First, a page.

Left guard Chris Kemoeatu has come a long way. Before injury ended his season, he was emerging as a very dependable player. In his earlier years, Kemoeatu was a penalty waiting to happen. You could count on him to hold or jump off-sides a couple of times per game. But he seems to have put that behind him. Now Kemoeatu is a massive offensive lineman who can match up favorably against just about anybody.
Center Justin Hartwig is the unsung hero of the offensive line. He is the model of quiet consistency. When he replaced Sean Mahan (Boo!!!!!) at center, Roethlisberger went from being sacked on 11.6% of his pass attempts to being sacked on 9.8%. That’s still too many, but it is a big improvement, and is probably as low as we can expect with Big Ben.
Right guard Trai Essex is a career backup who only started due to injuries. He needs to be replaced immediately. Enough said about that.
Right tackle Willie Colon is a big, tough, S.O.B. I love his physical skills. If you’ve ever seen him up-close, you know that he has the most massive calf muscles that I’ve ever seen on a human being. He is a prototype road grader. Run blocking is his strength. Pass blocking is not. I’ve always argued that Colon is best suited to play right guard. But the Steelers coaches obviously don’t agree with me, so I don’t expect to see him at guard this season.
The Steelers’ backup offensive linemen don’t instill a lot of confidence in me. I thought Ramon Foster did very well for an undrafted free agent who was thrown into a starting role. That kid is going to be good. But I am concerned that he was able to beat out Kraig Urbik, who the Steelers drafted to compete for a starting position at guard. I saw absolutely nothing from Urbik at training camp, and apparently, the Steelers coaches thought the same. And Tony Hills isn’t even worth wasting ink to write about.
What should the Steelers do?
The Steelers need a right guard to replace Trai Essex. Perhaps Kraig Urbik will emerge as that player. But I haven’t seen any signs of that so far.
They could also use a more mobile left tackle. If by some miracle, a left tackle with quick feet were to drop to them, they should definitely consider taking him.
Finally, Justin Hartwig is 31 years old, and is coming to the end of his career. The Steelers need to draft an eventual replacement for him. I don’t see Doug Legursky ever becoming a starter.
I think that drafting an offensive lineman in the first round is a very real possibility for the Steelers. If they do that, there are a few players that we should be considering.
Left tackle is the offensive line position that has the highest value, so let’s look at the left tackles first. Unless the Steelers trade up, Oklahoma State’s Russell Okung, Oklahoma’s Trent Williams, and Rutgers’ Anthony Davis will all be off the board when pick #18 rolls around. But there is a possiblity that one of the following tackles could become a Steeler.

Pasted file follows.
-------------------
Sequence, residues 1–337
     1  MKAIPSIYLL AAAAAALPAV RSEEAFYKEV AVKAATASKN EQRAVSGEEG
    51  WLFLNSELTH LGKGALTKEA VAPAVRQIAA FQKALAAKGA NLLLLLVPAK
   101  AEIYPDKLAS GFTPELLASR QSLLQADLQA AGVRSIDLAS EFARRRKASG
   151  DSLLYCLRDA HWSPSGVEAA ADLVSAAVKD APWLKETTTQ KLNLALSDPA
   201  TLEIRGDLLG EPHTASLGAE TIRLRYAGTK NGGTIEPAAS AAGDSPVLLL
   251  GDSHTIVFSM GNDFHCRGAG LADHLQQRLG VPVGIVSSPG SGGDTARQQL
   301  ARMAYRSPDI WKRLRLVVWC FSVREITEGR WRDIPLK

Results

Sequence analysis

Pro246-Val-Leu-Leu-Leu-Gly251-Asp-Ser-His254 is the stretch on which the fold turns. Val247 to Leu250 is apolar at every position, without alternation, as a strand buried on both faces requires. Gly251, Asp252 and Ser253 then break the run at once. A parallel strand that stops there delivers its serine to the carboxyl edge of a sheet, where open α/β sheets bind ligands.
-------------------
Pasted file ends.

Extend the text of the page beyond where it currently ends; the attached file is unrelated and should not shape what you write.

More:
Bryan Bulaga (Iowa) – Bulaga is a tough, physical tackle with excellent quickness, but poor technique. He will have to start at right tackle, but he has the physical skills to eventually move to left tackle once he has been coached a bit. He also played guard in college, so he could be used at guard as well.
Bruce Campbell(Maryland) – Campbell may be the most athletic offensive lineman in this draft. However, like Bryan Bulaga, Campbell is raw and will need coaching. Also, Campbell sometimes plays too much like a finesse player, rather than bullying people like a guy his size should.
Guard is not a position that is often taken in the first round. However, there is a player who is definitely worthy of being taken in the first round. Moreover, he is the player that most mock drafts have the Steelers taking. That player is….
Mike Iupati (Idaho) – Iupati is a big, dominant left guard. He’s 6’5″, 325 lbs., and he has the athletic ability to eventually convert to right or even left tackle. Most experts believe Iupati is a potential pro bowl guard.
Idaho guard Mike Iupati
Center is another position that is seldom taken in the first round. But one center is certainly on the Steelers’ radar. That player is….
Maurkice Pouncey(Florida) – Pouncey is a big, strong, mauler who should be able to handle the massive nose tackles that are so prominent in the AFC North. He also started 11 games at guard in college, so he has the position flexibility that Mike Tomlin prefers in his offensive linemen.